INTRODUCTION: Currently, randomized clinical trials to evaluate segmentectomy compared with lobectomy for peripheral cT1aN0M0 non-small-cell lung cancer (NSCLC) are ongoing. During segmentectomy, some lobar-segmental lymph nodes (LSNs) can be difficult to resect for anatomical reasons. The purpose of this study was to clarify the reasonable extent of dissection during intentional segmentectomy for peripheral cT1aN0M0 NSCLC. METHODS: We reviewed the records of patients who underwent lobectomies and systematic lymph node dissections for cT1aN0M0 NSCLC from 1992 to 2009. Among them, a total of 307 patients whose primary nodule was located in the outer third peripheral lung field on thin-section computed tomography (TSCT), and who could be candidates for intentional segmentectomy were enrolled in this study. We analyzed the clinical and radiological factors, which may predict nodal metastasis, and the distribution patterns of lymph node metastases. In particular, we set out to evaluate the specific LSNs, which are difficult to resect on segmentectomy (isolated LSNs [iLSNs]). RESULTS: Of all patients, 34 (11%) had lymph node metastases (pN1: 9, pN2: 25). The median tumor sizes and tumor disappearance rates (TDRs) on TSCT were significantly larger and lower, respectively, compared with those of the remaining 273 node-negative patients. All 34 node-positive patients had a solid-dominant component on TSCT (TDR < 0.25). Of these, nine patients (n = 5, station 11, n = 4, station 13) were iLSN positive, but all of them also had metastases to station 12 or mediastinal lymph nodes. No patients had solitary metastasis in iLSNs. CONCLUSIONS: The reasonable extent of dissection for intentional segmentectomy for small (≤ 2 cm) peripheral NSCLC includes LSNs in the segments with tumors, and the hilar and mediastinal nodes. It may not be necessary to examine iLSNs. Systematic lymph node dissection might not be necessary for tumors with ground grass opacity on TSCT (TDR ≥ 0.25).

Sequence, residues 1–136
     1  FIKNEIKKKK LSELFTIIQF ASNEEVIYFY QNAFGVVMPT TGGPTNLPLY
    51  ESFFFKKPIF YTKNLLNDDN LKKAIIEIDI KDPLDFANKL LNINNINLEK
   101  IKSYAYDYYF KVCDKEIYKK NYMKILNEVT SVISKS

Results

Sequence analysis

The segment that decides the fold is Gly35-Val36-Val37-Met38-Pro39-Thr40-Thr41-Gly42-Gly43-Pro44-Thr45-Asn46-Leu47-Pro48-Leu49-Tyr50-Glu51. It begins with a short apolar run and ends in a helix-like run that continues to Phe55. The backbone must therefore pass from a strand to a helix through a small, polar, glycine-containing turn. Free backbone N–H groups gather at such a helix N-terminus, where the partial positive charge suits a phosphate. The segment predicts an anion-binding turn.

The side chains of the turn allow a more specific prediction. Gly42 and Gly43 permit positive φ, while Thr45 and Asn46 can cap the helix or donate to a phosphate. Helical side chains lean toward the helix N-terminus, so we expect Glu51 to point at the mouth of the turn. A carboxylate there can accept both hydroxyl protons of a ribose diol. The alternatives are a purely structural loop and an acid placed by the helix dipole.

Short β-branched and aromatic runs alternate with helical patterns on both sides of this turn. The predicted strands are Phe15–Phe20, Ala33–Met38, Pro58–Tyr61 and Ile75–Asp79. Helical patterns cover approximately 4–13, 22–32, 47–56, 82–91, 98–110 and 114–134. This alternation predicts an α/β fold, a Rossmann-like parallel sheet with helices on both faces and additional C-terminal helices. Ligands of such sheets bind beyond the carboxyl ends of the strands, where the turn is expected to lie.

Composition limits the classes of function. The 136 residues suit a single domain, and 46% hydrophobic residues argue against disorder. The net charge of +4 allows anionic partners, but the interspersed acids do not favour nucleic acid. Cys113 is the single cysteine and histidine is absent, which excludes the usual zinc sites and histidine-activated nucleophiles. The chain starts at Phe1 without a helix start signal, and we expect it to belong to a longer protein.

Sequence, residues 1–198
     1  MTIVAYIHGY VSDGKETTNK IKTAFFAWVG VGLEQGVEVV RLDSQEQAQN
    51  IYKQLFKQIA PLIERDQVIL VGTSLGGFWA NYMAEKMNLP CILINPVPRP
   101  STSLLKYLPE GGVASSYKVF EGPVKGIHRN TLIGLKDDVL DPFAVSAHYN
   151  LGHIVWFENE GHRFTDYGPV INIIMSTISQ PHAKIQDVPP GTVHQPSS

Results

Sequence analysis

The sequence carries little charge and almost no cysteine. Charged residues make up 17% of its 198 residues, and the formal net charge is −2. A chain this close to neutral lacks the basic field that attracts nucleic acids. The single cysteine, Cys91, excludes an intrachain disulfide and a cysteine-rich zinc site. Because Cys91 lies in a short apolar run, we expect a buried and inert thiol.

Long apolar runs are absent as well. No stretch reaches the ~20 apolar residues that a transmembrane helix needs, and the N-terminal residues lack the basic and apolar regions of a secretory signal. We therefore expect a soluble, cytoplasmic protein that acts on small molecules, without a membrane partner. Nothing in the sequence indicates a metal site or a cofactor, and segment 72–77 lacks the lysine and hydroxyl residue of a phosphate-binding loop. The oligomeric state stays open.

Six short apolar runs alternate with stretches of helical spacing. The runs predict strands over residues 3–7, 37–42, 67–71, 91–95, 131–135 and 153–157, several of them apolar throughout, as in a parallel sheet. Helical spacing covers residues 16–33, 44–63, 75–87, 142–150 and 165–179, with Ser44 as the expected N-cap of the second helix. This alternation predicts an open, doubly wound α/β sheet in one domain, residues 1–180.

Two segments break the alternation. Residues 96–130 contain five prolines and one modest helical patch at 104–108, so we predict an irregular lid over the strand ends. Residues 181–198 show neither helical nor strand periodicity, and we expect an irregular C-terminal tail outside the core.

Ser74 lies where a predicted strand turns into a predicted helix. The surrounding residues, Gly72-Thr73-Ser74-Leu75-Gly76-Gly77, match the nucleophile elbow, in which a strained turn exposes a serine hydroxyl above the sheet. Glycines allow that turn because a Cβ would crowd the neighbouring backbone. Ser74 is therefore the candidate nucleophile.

ASJC Scopus subject areas
- Pulmonary and Respiratory Medicine